National-level real-time interbank payment networks are increasingly recognized as one of the pillars of the modern economy, but the need to coordinate between banks, governments and industry means that rolling out such schemes is far from straightforward.
For this reason, while pioneers such as South Korea and Taiwan went live with the first such systems in the early years of the 20th century, today, several otherwise advanced economies have yet to implement equivalent interbank schemes.
For example, in the Gulf region, the United Arab Emirates (UAE) — which is home to two of the world’s leading financial centers and acts as a key regional hub for FinTech innovation — has yet to go live with any comprehensive nationwide instant settlement system.
However, that is set to change by the end of the year with the launch of the Instant Payments Platform (IPP), a cornerstone of the central bank’s (CBUAE) National Payment Systems Strategy.
Like similar systems around the world, the IPP will allow instant transfers between Dirham-denominated bank accounts, reflecting the hyperconnected nature of modern commerce and bringing the UAE’s interbank payment rails up to speed with consumers’ expectations.
While the IPP has been welcomed by the country’s financial services sector, the UAE is not the first Gulf country to roll out such a real-time payments network. Among the Gulf Cooperation Council (GCC) countries, Bahrain, Kuwait and the Kingdom of Saudi Arabia (KSA) have already implemented similar schemes.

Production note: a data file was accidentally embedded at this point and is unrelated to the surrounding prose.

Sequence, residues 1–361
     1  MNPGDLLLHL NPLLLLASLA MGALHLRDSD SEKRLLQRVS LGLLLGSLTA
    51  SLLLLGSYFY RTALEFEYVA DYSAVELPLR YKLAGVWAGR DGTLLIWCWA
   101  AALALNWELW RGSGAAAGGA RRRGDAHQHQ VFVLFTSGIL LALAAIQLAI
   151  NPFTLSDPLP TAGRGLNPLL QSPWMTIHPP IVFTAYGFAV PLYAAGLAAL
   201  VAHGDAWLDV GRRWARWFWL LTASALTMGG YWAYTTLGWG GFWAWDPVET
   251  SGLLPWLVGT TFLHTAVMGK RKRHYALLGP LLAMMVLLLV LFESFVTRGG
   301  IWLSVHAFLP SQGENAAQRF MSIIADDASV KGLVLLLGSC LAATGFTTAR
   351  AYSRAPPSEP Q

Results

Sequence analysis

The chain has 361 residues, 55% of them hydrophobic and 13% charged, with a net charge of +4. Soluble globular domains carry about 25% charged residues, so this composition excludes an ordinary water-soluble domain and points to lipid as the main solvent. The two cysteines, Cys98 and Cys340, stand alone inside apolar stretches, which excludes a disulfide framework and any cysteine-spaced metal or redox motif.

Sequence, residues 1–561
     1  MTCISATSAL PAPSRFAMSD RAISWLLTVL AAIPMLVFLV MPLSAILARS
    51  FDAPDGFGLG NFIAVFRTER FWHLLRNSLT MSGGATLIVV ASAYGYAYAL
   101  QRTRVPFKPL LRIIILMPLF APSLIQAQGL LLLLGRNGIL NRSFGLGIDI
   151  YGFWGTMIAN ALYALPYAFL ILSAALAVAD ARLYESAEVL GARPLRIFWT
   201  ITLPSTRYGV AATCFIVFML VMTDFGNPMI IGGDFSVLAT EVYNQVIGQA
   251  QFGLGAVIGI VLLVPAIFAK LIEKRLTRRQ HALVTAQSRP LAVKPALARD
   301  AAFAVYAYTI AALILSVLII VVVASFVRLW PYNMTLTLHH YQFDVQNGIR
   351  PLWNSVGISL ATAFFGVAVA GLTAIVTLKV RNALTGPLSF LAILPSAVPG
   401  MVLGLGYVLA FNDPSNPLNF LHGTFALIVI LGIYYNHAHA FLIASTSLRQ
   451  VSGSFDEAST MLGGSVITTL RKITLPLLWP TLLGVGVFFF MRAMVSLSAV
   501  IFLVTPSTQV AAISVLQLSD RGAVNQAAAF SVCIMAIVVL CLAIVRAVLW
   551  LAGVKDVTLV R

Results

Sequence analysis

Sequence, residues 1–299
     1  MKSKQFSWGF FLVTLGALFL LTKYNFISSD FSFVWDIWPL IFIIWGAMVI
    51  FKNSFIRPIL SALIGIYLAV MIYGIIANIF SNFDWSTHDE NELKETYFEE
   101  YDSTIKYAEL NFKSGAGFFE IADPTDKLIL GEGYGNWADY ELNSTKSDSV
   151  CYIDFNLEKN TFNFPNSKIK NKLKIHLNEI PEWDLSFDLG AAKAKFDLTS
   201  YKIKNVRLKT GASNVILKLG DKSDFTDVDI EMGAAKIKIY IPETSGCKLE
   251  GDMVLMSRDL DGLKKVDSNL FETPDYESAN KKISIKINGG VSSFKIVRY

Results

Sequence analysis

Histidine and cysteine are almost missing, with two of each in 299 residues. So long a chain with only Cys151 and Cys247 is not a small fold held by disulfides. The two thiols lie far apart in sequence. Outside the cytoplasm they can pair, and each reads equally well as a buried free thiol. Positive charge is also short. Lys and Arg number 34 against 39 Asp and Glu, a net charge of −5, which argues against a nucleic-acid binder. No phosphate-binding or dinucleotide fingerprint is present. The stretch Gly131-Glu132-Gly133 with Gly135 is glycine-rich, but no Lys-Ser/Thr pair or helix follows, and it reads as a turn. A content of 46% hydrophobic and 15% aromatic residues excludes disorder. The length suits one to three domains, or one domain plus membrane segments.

Back in 2015, Bahrain became the first GCC country to launch a nationwide real-time system with Fawri+, which has set the bar for instant payments in the region and has already seen significant adoption.
According to data compiled by ACI Worldwide, Fawri+ grew from accounting for less than 1% of electronic transactions in 2017 to over 50% by 2021. That report projects the savings created by real-time payments in Bahrain to rise to $208 million by 2026, a figure that would in turn help to generate an additional $310 million of economic output.
Perhaps the most interesting aspect of the UAE’s IPP is that the scheme will enable interoperable fund transfers between bank accounts and eWallets, while enabling transfers using mobile phone numbers, email addresses and any other unique identifier.
The CBUAE’s decision to pursue a mobile-friendly real-time strategy reflects Emirati consumers’ high adoption of mobile wallets. The above report found that in 2021, 73.5% of adults in the country had a mobile wallet and had used it to make a payment in the previous year.
With the opportunities presented by the IPP, eWallet and mobile compatibility will ensure that it has use cases that reflect the way people in the UAE make transactions, including the way they shop. For the country’s retail sector, this has the potential to improve liquidity and act as a catalyst for economic growth.
When the IPP goes live later this year, the UAE will be making a major contribution to the overall health of the payment ecosystem across the GCC, where cultural, economic and commercial ties make faster and more streamlined cross-border payments a worthy goal for all members.
In the coming years, the GCC intends to further integrate their monetary systems by aligning the respective payment rails under the banner of the Gulf Payment Company (GPC), an initiative that will connect all payment systems in the GCC countries through an independent company owned and funded by central banks in the Gulf region.
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